Under the Proposed FTC Regulations, the “any principle” exception still applies in cases where a foreign tax does not satisfy the new “substantially all” requirement, and two new examples establish that “any principle” is intended to be interpreted broadly.
Under one example, a foreign tax is creditable if the disallowance of cost recovery is the result of an anti-hybrid rule, as the principle of limiting base erosion or profit shifting is found in section 267A. Another example provides that a foreign tax can be creditable even if it permits no deduction for any stock-based payments for services, because sections 162(m) and 280G contain targeted disallowances or limits on deductibility based on non-tax-policy reasons, including influencing the amount or use of certain types of compensation in the labor market. These examples are helpful, but uncertainty regarding the application of the principles-based exception will remain until the IRS and the courts begin to apply it.
Certain costs and expenses are always treated as significant under the newly proposed “substantially all” requirement, whether or not they are actually significant: capital expenditures, interest, rents, royalties, wages or other payments for services, and research and experimentation. In contrast, the following costs do not need to be recovered for a foreign tax to be creditable: costs and expenses attributable to wage income or to investment income that is not derived from a trade or business. Furthermore, the creditability of a tax does not depend on whether it allows a deduction for other taxes that would qualify as foreign income taxes or whether it is deductible in the calculation of such other taxes.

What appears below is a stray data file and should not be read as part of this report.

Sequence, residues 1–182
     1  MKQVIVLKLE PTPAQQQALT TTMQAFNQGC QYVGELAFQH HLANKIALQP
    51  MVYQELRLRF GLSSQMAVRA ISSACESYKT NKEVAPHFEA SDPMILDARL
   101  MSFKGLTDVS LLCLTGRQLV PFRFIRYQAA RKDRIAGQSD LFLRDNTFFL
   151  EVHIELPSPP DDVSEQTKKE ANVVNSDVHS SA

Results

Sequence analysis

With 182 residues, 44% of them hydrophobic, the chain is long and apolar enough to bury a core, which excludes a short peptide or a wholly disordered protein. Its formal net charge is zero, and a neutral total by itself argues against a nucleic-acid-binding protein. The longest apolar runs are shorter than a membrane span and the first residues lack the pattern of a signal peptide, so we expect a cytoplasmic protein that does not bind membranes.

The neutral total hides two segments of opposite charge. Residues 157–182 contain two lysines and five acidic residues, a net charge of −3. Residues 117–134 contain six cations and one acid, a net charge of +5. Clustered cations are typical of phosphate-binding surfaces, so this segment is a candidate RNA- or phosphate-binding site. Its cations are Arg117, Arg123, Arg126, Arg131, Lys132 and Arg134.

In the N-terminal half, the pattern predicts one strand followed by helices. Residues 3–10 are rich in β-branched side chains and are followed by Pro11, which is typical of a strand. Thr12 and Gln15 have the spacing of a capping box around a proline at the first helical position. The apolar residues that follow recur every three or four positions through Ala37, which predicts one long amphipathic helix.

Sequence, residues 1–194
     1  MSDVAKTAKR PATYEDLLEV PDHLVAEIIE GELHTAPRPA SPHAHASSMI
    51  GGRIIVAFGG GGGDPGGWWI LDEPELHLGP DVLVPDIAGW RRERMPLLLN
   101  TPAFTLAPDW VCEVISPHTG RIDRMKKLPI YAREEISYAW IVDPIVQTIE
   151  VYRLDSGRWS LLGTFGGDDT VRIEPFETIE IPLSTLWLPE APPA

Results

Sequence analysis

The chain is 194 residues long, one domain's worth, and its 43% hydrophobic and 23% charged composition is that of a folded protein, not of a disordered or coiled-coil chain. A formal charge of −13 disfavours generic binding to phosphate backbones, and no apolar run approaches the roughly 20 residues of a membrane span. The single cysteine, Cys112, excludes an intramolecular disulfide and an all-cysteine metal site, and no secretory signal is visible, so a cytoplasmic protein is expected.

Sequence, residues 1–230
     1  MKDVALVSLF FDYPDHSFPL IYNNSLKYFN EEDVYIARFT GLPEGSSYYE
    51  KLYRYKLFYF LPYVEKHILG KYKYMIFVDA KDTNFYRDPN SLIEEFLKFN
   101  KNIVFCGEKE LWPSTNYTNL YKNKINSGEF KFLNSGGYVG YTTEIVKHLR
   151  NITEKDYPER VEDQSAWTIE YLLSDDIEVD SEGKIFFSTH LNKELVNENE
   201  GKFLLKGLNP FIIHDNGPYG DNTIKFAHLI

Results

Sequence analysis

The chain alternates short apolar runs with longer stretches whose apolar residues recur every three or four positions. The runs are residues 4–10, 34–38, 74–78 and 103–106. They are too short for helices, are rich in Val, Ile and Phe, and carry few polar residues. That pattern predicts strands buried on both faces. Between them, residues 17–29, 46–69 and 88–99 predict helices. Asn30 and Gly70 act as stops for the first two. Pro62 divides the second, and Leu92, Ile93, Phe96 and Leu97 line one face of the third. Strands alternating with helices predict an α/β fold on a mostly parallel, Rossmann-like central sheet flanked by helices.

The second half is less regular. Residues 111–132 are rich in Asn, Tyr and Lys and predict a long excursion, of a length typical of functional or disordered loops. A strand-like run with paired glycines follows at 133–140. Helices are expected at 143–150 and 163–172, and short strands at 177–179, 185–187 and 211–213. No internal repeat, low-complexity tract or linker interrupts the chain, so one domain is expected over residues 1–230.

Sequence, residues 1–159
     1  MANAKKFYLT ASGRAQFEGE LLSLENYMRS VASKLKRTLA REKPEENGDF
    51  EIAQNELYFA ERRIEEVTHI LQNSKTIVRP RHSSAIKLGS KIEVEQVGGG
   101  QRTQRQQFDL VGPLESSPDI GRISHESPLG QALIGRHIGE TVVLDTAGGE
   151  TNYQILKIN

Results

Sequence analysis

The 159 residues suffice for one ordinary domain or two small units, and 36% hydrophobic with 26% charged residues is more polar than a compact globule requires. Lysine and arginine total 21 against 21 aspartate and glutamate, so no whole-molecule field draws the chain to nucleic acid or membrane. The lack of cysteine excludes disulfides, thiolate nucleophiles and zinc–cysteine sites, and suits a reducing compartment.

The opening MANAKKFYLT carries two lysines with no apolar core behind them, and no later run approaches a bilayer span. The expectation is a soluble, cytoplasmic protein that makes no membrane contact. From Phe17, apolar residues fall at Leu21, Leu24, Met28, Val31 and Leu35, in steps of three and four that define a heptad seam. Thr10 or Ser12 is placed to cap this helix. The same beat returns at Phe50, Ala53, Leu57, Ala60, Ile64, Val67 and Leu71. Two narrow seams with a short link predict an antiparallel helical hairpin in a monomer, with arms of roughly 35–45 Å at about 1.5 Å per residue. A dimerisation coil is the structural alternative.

A taxpayer may choose to rely on the Proposed FTC Regulations’ cost recovery provisions for foreign taxes paid in taxable years beginning on or after December 28, 2021, and ending before the effective date of final regulations.
The Final FTC Regulations added an attribution requirement in Treas. Reg. §1.901- 2(b)(5) that requires a foreign country imposing tax to allocate taxing jurisdiction in a manner reasonably similar to how the Code allocates taxing jurisdiction. Treasury stated that the purpose of the attribution requirement is to allow a foreign tax credit only if the country imposing the tax has sufficient nexus to the taxpayer’s activities or investment of capital that generates the income included in the tax base. In the case of royalty payments, this means that foreign law must source royalties based on the place of use of, or the right to use, the intangible property, consistent with how the Code sources royalty income.